7. Adrien Brody

One would think that a little improvisation could work on a sketch comedy show, but that's not the case for SNL. When host Adrien Brody came out to introduce reggae performer Sean Paul in a 2003 episode, the actor was wearing fake dreadlocks and speaking in a stereotypical Jamaican patois. Lorne Michaels was not pleased, and Brody has yet to host a second show.

8. Charles Grodin

Charles Grodin earned banishment from SNL for his October 29, 1977 appearance as host. Grodin reportedly missed rehearsals and, when the show went live, he came across as unprepared and clumsy while stepping over the cast members' lines and ad-libbing much of his dialogue.

See Also: 32 Famous People Rejected by Saturday Night Live

9. Frank Zappa

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The godfather of weirdo rock was banned for his performance as host in 1978. Instead of just going along with the lines written for him, Zappa lazily read from the cue cards and reminded viewers that he wasn’t really trying. Instead of an A for effort, he got a B for “banned” and never showed up on SNL again. Writer Don Novello—better known on SNL as Father Guido Sarducci—called Zappa, “One of the worst ever.”

10. Elvis Costello

During their second segment on the December 17, 1977 show, Elvis Costello and the Attractions began playing the hit song “Less Than Zero” from Costello’s debut album, My Aim Is True. Soon Costello waved at his band and shouted, “Stop! I’m sorry ladies and gentlemen, there’s no reason to do this song here.” The band then tore through the song “Radio Radio” in an unplanned performance that got them banned. Apparently, the dispute came from Costello’s record company instead of anything anyone at SNL did. Costello originally wanted to perform “Radio Radio”—a single that hadn’t been released yet—but Columbia Records forced them to play the better-known single. In this case, the hard feelings didn't linger; in 1989, Costello was invited back again. He even parodied his own stunt on the 25th anniversary show by interrupting the Beastie Boys' performance of "Sabotage," which quickly morphed into a joint performance of "Radio Radio."

Additional Source: Live From New York: An Uncensored History of Saturday Night Live, as Told By Its Stars, Writers and Guests.

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Chloe Efforn
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Animals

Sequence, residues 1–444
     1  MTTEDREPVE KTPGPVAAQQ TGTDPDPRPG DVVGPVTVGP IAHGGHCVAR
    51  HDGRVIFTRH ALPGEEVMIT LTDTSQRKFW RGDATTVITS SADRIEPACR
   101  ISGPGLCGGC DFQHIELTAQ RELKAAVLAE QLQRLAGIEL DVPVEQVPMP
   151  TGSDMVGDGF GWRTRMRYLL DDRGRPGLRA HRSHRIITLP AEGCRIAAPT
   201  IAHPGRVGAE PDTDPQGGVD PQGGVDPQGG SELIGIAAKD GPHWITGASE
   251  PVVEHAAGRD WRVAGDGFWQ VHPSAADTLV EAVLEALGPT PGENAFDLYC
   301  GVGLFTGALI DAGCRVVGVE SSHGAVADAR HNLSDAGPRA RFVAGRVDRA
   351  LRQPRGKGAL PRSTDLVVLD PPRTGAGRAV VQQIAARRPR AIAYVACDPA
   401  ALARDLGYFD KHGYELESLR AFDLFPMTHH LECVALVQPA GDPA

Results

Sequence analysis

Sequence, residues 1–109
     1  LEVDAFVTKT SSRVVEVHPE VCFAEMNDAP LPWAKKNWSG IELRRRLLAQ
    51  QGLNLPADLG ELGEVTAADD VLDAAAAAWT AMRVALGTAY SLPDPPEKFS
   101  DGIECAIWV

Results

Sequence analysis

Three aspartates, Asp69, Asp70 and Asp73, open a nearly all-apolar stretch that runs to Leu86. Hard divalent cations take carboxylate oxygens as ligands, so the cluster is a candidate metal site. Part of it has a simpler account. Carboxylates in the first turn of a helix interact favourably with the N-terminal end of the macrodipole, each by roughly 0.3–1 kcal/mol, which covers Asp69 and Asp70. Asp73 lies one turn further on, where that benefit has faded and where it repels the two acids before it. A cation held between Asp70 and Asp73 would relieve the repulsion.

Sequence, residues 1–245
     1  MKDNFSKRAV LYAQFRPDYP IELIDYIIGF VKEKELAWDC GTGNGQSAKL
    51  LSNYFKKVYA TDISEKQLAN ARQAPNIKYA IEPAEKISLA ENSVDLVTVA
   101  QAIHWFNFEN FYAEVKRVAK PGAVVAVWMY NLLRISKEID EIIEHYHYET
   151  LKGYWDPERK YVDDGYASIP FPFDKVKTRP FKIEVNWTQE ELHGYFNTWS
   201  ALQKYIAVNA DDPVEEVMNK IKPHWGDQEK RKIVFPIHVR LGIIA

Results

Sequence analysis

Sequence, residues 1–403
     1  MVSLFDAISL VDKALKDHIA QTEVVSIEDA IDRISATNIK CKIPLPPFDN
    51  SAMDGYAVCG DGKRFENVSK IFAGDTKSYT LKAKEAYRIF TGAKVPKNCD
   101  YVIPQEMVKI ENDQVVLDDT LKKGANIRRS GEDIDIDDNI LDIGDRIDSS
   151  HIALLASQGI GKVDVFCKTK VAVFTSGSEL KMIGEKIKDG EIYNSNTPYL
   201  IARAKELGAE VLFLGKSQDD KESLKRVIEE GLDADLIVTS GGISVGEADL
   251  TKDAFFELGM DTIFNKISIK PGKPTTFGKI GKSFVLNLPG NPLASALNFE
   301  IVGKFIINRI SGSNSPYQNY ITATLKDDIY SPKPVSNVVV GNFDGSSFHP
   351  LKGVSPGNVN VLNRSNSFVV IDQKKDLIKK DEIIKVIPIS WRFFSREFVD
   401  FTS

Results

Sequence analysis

John Lennon Was a Crazy Cat Lady
Chloe Efforn
Chloe Efforn

John Lennon was crazy about cats, and though he owned a couple of dogs (Sally and Bernard) over the years, he was better known for getting by with a little help from his feline friends.

1. ELVIS

Growing up, Lennon's beloved mother, Julia, had a named cat after Elvis Presley, whom Julia and John were both crazy about. The Lennons later realized they had misnamed Elvis when "he" gave birth to a litter of kittens in the cupboard, but they didn't change the cat's name based on that small mistake.

2. AND 3. TICH AND SAM

He had two other cats as a boy growing up in Liverpool: Tich and Sam. Tich passed away while Lennon was away at art school (which he attended from 1957 to 1960), and Sam was named after famous British diarist Samuel Pepys

4. TIM

One day, John Lennon found a stray cat in the snow, which his Aunt Mimi allowed him to keep. (John's Aunt Mimi raised him from a young boy through his late teenage years, and he affectionately referred to her as the Cat Woman.) He named the marmalade-colored half-Persian cat Tim.

Tim remained a special favorite of John's. Every day, he would hop on his Raleigh bicycle and ride to Mr. Smith's, the local fishmonger, where he would buy a few pieces of fish for Tim and his other cats. Even after John became famous as a Beatle, he would often call and check in on how Tim was doing. Tim lived a happy life and survived to celebrate his 20th birthday.

5. AND 6. MIMI AND BABAGHI

John and his first wife, Cynthia, had a cat named Mimi who was, of course, named after his Aunt Mimi. They soon got another cat, a tabby who they dubbed Babaghi. John and Cynthia continued acquiring more cats, eventually owning around 10 of them.

7. JESUS

As a Beatle, John had a cat named Jesus. The name was most likely John's sarcastic response to his "the Beatles are bigger than Jesus" controversy of 1966. But he wasn't the only band member with a cat named Jesus: Paul McCartney once had a trio of kittens named Jesus, Mary, and Joseph.

8. AND 9. MAJOR AND MINOR

In the mid-1970s, John had an affair with his secretary, May Pang. One day, the studio receptionist brought a box of kittens into the recording studio where John and May were. "No," John immediately told May, "we can't, we're traveling too much." But she picked up one of the kittens and put it over her shoulder. Then John started stroking the kitten and decided to keep it. At the end of the day, the only other kitten left was a little white one that was so loud no one else wanted it. So they adopted it as well and named the pair Major and Minor.

10. AND 11. SALT AND PEPPER

John owned a pair of black and white cats with his wife Yoko Ono. As befitting John's offbeat sense of humor, many places report he christened the white cat Pepper and the black one Salt.

12. AND 13. GERTRUDE AND ALICE